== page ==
The area 105A shown inside the circle schematically in FIG. 6 is shown on an enlarged scale in FIG. 7. Essentially here (FIG. 7) the form-fitting connection between the container part 90 and the adapter 92 and the loose connection between the container insert 91 and the adapter 92 are shown in detail.

To implement the form-fitting connection between the container part 90 and the adapter 92, the adapter has a groove 107A in its upper area 106A, corresponding to a type of spring 108A of container part 90 and thereby forming the form-fitting connection between these two parts 90 and 92.

A peripheral groove 110A is also arranged on a cylindrical inside 109A of the adapter 92. With the container insert 91 in place, a sealing ring 93 arranged on it is at least partially accommodated in this peripheral groove 110A so that at least one sealing 93 of the container insert 91 is secured in a peripheral groove 110A of the adapter 92.

The other sealing rings 93A and 93B, however, do not engage in a peripheral groove 110A of the adapter 92 but they also have a stabilizing effect so that the container insert 91 is supported on the cylindrical inside wall 109A of the adapter 92 in at least three areas spaced a distance apart from one another.

Within the container insert 91 the screen 95 is detachably secured on the peripheral area 111A of the container insert 91 in a friction-locked manner.

FIG. 8 illustrates a conically tapered container insert 112A, which has two opposing fastening straps 114A and 115A on its upper edge 113A. The fastening straps 114A and 115A correspond to an at least partially peripheral groove 79 (see FIG. 5) of the container part 70 when the container insert 112A is inserted.

On the side of the container insert 112A opposite the upper edge 113A there is an opening 116 through which the container insert contents 96 (see FIG. 6) enter a spray gun 59 (see FIG. 4). The areas 117A, 118A and 119A show additional internal surfaces of the container insert 112A which taper conically in stages from the upper edge 113A to the opening 160A, resulting in gradually tapering cylindrical cross section of the container insert 112A from top to bottom, i.e., running into the plane of the paper.

FIGS. 9 and 10 each show a spray gun container 120A, which has essentially the same design as the spray gun container 69 of FIG. 5. The spray gun container 120A also includes a container part 121A in which is arranged a container insert 122A. The two parts 121A and 122A are here again joined together by means of an adapter 124A with a ring gasket 123A. The spray gun container 120 also has a screen 125A and a cover 126A. A stopper 127A, which seals an opening 128A of the cover 126A, is arranged on the cover 126A. The container insert 122A also has two fastening straps 129A and 130A, each engaging in a groove 131A and 132A in the installed state.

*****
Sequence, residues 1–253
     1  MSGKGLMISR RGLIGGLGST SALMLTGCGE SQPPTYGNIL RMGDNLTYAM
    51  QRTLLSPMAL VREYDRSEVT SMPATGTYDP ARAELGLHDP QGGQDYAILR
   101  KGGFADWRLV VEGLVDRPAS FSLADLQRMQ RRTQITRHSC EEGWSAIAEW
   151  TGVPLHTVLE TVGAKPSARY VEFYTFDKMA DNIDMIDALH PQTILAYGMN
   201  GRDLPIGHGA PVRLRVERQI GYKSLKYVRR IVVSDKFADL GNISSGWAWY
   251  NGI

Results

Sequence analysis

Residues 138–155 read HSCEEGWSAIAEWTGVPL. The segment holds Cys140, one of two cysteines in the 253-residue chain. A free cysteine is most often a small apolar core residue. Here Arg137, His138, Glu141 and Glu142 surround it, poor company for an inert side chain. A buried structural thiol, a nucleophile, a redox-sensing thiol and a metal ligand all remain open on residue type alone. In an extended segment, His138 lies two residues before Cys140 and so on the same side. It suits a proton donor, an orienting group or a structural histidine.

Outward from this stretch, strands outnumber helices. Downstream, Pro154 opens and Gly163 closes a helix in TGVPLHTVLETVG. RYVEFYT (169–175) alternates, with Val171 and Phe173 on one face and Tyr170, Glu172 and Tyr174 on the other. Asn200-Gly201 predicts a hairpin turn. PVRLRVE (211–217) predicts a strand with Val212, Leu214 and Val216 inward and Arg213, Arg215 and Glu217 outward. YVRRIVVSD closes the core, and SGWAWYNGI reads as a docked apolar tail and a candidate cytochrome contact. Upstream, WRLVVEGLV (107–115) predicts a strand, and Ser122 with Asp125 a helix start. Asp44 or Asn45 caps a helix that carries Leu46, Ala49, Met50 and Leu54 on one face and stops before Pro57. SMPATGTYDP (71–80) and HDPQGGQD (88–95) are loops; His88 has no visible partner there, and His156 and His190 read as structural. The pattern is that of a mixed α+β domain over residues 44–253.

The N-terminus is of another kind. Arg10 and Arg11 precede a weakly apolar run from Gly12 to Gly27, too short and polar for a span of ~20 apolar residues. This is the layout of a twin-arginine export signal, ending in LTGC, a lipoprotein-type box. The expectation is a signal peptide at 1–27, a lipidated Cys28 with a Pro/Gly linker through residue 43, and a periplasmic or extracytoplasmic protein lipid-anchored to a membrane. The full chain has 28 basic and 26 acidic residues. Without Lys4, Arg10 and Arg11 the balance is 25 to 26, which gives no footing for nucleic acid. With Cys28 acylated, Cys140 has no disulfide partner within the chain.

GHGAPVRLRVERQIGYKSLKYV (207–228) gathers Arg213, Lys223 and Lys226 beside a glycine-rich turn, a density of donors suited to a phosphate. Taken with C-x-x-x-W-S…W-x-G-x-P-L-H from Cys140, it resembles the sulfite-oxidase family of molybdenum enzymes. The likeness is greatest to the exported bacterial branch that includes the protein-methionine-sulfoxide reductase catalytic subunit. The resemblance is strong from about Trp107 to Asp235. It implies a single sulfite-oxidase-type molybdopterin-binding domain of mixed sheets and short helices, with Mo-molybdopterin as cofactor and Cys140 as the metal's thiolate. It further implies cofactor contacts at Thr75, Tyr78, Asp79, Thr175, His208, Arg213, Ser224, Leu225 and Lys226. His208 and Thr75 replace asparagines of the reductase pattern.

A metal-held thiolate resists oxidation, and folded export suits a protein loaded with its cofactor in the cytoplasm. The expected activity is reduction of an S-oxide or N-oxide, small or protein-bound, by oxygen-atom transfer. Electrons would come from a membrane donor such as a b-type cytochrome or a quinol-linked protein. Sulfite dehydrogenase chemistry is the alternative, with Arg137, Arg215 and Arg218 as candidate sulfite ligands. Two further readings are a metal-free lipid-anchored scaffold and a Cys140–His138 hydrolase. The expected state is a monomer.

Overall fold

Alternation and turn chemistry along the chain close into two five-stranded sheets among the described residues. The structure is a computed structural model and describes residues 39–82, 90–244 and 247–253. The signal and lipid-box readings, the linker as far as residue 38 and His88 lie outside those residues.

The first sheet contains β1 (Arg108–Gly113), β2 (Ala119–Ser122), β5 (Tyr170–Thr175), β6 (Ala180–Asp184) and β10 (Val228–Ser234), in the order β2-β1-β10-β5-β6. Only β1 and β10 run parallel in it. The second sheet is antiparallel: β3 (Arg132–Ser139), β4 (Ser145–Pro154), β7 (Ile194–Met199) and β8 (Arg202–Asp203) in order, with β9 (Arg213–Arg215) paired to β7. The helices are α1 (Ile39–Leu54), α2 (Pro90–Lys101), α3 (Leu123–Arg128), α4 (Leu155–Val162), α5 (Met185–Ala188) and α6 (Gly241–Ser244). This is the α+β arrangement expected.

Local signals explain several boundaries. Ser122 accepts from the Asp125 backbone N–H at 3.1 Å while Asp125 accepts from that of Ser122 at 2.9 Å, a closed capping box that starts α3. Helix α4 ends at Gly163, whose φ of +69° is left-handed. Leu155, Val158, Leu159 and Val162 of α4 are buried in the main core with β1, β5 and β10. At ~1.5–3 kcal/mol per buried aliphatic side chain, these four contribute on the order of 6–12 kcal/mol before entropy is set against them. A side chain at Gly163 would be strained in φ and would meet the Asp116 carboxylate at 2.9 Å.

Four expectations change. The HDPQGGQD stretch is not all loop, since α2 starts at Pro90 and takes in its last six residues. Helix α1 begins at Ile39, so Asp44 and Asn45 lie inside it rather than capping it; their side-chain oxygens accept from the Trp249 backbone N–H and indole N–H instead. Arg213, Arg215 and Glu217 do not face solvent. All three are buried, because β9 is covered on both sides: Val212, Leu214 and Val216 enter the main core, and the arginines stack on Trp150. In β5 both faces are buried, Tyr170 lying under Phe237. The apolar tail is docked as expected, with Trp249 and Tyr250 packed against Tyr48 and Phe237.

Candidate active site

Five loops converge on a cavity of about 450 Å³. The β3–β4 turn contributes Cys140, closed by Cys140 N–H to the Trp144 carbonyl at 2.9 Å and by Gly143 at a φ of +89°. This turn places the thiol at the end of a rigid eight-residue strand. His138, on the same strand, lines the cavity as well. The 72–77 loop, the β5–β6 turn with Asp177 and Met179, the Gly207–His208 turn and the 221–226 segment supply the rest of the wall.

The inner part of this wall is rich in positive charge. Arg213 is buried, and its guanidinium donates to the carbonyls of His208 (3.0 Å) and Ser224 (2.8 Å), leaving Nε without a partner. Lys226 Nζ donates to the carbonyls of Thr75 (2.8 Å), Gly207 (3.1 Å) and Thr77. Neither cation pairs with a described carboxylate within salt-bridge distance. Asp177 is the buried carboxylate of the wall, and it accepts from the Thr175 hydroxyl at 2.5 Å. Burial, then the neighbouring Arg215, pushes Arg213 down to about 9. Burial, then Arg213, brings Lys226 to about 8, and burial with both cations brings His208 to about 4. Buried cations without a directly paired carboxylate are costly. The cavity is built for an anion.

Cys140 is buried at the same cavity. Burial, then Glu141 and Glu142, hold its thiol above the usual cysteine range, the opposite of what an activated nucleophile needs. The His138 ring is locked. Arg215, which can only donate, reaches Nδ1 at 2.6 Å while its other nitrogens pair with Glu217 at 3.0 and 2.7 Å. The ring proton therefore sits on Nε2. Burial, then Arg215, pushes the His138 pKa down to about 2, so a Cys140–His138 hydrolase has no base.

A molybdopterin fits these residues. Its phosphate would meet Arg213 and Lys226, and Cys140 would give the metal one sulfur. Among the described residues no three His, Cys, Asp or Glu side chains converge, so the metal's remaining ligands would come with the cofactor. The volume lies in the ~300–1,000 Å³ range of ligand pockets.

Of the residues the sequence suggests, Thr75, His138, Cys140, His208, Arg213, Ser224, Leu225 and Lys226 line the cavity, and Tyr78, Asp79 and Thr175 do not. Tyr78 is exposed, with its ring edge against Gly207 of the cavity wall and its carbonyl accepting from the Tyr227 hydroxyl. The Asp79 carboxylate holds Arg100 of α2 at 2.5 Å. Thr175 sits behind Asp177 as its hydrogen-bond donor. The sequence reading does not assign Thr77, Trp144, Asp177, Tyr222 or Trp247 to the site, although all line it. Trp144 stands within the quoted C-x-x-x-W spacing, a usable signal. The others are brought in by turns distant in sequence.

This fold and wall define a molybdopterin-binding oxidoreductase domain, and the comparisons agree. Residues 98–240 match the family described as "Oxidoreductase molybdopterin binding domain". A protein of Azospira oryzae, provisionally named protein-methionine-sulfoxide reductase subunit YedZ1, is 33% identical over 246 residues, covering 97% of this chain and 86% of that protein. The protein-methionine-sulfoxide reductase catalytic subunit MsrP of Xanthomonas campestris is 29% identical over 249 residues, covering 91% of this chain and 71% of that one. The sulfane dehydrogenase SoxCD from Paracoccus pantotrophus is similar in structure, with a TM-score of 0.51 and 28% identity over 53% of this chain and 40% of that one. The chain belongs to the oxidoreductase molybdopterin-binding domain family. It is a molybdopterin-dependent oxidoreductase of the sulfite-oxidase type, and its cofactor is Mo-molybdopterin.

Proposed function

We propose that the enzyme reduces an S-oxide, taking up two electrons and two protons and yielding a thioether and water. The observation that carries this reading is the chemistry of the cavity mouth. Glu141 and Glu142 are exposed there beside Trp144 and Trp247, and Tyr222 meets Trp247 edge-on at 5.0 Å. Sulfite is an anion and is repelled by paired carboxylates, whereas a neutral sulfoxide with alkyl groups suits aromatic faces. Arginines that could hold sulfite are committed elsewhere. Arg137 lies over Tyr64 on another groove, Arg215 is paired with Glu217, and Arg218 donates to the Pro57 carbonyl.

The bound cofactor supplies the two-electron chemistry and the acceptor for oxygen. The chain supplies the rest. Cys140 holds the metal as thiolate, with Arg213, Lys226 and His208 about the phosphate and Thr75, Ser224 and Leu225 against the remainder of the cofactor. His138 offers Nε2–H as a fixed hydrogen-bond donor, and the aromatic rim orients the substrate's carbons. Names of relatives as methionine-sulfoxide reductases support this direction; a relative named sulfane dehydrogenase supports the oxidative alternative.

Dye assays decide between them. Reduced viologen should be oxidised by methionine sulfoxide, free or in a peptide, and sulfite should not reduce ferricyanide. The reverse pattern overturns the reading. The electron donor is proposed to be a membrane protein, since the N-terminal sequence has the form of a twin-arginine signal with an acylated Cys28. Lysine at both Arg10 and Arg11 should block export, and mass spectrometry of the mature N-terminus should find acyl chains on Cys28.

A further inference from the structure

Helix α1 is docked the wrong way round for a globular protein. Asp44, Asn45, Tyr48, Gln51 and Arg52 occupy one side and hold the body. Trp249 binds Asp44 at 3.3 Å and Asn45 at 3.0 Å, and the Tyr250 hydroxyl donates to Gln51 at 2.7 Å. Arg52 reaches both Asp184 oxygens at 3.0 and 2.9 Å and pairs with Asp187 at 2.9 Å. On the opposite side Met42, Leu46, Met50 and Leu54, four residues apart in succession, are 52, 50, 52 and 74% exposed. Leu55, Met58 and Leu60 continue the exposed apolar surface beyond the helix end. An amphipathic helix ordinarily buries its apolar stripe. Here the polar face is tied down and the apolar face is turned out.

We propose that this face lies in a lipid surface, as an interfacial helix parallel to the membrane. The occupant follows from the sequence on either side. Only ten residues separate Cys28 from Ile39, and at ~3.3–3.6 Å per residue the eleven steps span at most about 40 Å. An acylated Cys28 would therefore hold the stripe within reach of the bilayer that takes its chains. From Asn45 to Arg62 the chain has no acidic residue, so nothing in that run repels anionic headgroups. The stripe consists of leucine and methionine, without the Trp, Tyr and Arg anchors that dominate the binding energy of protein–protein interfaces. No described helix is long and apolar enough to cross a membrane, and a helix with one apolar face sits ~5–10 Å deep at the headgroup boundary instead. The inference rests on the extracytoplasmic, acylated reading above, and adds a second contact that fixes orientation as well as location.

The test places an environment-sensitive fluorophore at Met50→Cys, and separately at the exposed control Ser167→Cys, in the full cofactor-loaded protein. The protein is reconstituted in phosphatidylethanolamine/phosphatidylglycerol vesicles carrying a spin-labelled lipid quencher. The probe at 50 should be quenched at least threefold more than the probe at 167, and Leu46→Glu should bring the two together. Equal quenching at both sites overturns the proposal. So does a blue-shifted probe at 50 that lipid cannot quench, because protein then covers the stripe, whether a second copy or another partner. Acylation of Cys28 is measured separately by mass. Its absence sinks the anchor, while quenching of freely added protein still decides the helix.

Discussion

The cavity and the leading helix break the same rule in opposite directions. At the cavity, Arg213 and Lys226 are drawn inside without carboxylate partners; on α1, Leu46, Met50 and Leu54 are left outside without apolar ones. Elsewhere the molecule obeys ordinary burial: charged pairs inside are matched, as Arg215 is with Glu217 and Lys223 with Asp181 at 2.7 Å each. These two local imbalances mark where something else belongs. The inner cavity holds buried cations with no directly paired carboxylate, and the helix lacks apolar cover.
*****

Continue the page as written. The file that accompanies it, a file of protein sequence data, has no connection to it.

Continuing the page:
In addition, FIG. 10 shows a coupling ring 133A which is arranged in the cover area of the spray gun container 120A and secures first the cover with respect to the container insert 122A and secondly the container insert 122A with respect to the container part 121A. To do so, a part 134A of the coupling ring 133A engages behind a projecting edge 135A of the container part 121A such that the coupling ring 133A is arranged in a form-fitting manner on the spray gun container 120A.

The coupling ring 133A here is made of an elastic material so that the area 134A can be pulled over the edge 135A of the container part 121A when the coupling ring 133A is placed in position and then it can snap behind the edge 135A.

It is self-evident that in another exemplary embodiment, the coupling ring 133A can also be screwed onto the container part 121A.

In addition, the coupling ring 133A has a relatively flat surface 136A on which the entire spray gun container 120A is placed on a substrate 137A and can optionally be stored for a long period of time. It is self-evident that the covers 97 (see FIG. 6) and 126A may have a tubing 86 (see FIG. 5) so that the spray gun containers 89 and 120A shown in FIGS. 6 and 9, respectively are also suitable at the same time for a low-pressure spraying process. To do so, the tubing 86 may be inserted into the opening 102A or 128A, or the openings 102A and 128A may be prepared in such a way that they have a collar on which the tubing 86 can be arranged, as is the case with the receptacle 85 (see FIG. 5).

FIG. 11 shows an arrangement 100 with a spray gun 101 and a single-walled spray gun container 102, the two parts 101 and 102 being joined together by means of an adapter 103. To do so, the adapter 103 is screwed onto a receptacle 104 of the spray gun 101.

The adapter 103 also has a receptacle 105 onto which the single-walled spray gun container 102 is clipped with its side 106 facing the spray gun 101 on the spray gun container receptacle 105 of the adapter 103.

If the single-walled spray gun container 102 is not situated on the spray gun container receptacle 105 of the adapter 103 or on the receptacle 104 of the spray gun 101, then a small first opening 107 of the single-walled spray gun container which is on the side 106 facing the spray gun 101 can be closed completely by means of a small first cover 108. To do so, the small first cover 108 is inverted at least partially over the side 106 facing the spray gun 101. The small first cover 108 is attached by means of a strap 109 to the single-walled spray gun container 102 as a type of “loss-proof device.” The strap 109 is directly molded on the first small cover 108 as well as on the single-walled spray gun container 102.

Since the single-walled spray gun container 102 also has a large opening 110, the single-walled spray gun container 102 has a large second cover 111 accordingly. The large opening 110 is situated on a side 112 facing away from the spray gun 101.